Former Mayor Convicted for 2004 Killing of Broadcaster
CMFR/PHILIPPINES – The Cebu City court convicted of homicide on 10 August 2016 a former mayor of the municipality of Lezo in Aklan accused of killing broadcaster Herson Hinolan in 2004.
Aklan is approximately 461 kilometers south of Manila.
Branch 16 Judge Sylva Aguirre-Paderanga of the Regional Trial Court (RTC) of Cebu City sentenced Alfredo Arcenio to 14 years’ imprisonment. The court also ordered Arcenio to pay a total of Php 237,500 to Hinolan’s family. The murder charge against Arcenio was downgraded to homicide due to insufficient evidence to prove the two key elements of murder which are treachery and premeditation.
Hinolan was the station manager of dyIN Bombo Radyo in Kalibo. He also hosted the program “Bombohanay Bigtime” at the said station.
On 13 November 2004, Hinolan was in a local carnival when a masked man approached and fired at him. The broadcaster managed to run from his attacker, who followed and shot him again.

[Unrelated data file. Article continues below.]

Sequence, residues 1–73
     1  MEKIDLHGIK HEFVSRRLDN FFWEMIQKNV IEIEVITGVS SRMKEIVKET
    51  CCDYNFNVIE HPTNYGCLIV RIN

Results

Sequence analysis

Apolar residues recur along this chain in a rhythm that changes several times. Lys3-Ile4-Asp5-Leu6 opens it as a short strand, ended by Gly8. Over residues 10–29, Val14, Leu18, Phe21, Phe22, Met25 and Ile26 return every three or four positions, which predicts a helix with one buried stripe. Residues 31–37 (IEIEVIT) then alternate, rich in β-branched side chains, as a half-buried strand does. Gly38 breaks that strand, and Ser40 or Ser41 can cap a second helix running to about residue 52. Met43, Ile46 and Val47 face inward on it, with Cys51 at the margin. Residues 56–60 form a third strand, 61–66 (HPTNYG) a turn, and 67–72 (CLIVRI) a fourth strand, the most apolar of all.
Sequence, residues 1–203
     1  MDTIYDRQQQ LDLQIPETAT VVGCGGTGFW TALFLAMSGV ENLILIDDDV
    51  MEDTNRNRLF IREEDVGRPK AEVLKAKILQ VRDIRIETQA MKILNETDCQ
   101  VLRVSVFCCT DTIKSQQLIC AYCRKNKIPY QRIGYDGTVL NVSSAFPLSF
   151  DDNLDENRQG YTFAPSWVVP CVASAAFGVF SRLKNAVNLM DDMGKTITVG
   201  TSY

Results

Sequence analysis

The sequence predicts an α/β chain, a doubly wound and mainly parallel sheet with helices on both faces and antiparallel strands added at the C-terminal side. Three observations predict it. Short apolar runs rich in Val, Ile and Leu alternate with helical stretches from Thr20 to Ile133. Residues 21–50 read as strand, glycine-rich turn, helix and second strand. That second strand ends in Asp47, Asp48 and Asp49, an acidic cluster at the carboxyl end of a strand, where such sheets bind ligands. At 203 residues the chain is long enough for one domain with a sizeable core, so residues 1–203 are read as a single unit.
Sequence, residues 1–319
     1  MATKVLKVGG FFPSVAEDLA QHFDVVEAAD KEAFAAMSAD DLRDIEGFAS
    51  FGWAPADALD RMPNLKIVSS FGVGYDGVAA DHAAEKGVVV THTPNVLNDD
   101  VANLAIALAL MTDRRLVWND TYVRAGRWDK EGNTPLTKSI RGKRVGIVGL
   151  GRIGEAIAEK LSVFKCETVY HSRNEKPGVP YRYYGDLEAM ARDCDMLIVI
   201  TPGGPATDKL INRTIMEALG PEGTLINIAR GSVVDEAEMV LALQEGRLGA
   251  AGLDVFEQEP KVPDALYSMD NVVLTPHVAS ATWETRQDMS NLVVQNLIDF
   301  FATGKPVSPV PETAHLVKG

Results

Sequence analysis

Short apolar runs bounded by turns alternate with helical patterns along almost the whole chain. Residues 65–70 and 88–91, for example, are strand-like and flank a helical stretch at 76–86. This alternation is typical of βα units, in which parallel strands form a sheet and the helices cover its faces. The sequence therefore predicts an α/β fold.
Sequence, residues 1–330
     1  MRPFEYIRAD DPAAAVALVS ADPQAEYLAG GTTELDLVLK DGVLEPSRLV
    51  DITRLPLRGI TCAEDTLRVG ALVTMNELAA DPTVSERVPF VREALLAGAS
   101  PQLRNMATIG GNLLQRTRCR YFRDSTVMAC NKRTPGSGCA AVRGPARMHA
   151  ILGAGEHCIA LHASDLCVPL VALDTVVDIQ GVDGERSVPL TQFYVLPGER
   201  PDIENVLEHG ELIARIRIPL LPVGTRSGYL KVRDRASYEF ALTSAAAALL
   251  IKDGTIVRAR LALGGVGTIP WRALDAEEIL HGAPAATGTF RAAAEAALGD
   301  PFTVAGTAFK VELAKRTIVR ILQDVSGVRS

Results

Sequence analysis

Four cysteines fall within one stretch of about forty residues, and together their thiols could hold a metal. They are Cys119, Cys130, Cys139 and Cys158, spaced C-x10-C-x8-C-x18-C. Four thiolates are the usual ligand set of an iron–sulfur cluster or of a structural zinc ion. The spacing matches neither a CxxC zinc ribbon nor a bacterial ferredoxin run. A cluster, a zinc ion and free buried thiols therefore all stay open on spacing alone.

On 18 November 2004, a Peter Melgar came to the police and identified then Lezo mayor Arcenio as the gunman. A day after, murder charges were filed against Arcenio before the Provincial Prosecutor’s Office. But the prosecutor’s office downgraded on 3 March 2005 the charges to homicide. The Information for Homicide was filed on 31 March 2005.
On 18 March 2008, the Philippine Supreme Court granted a petition by the Freedom Fund for Filipino Journalists (FFFJ), a coalition of six media organizations formed in response to the killing of journalists, and the National Union of Journalists of the Philippines (NUJP) to transfer the venue of the Hinolan case, along with that of dyKR program director and commentator Rolando Ureta, who was also from Aklan, to Cebu. Both cases were raffled to the Cebu RTC Branch 16.
The court ordered the transfer of Arcenio to the Leyte Regional Prison in Abuyog town, Leyte where he will serve the remaining six years of his jail term. Arcenio had been imprisoned at the Cebu Provincial Detention and Rehabilitation Center (CPDRC) for eight years before the decision was promulgated.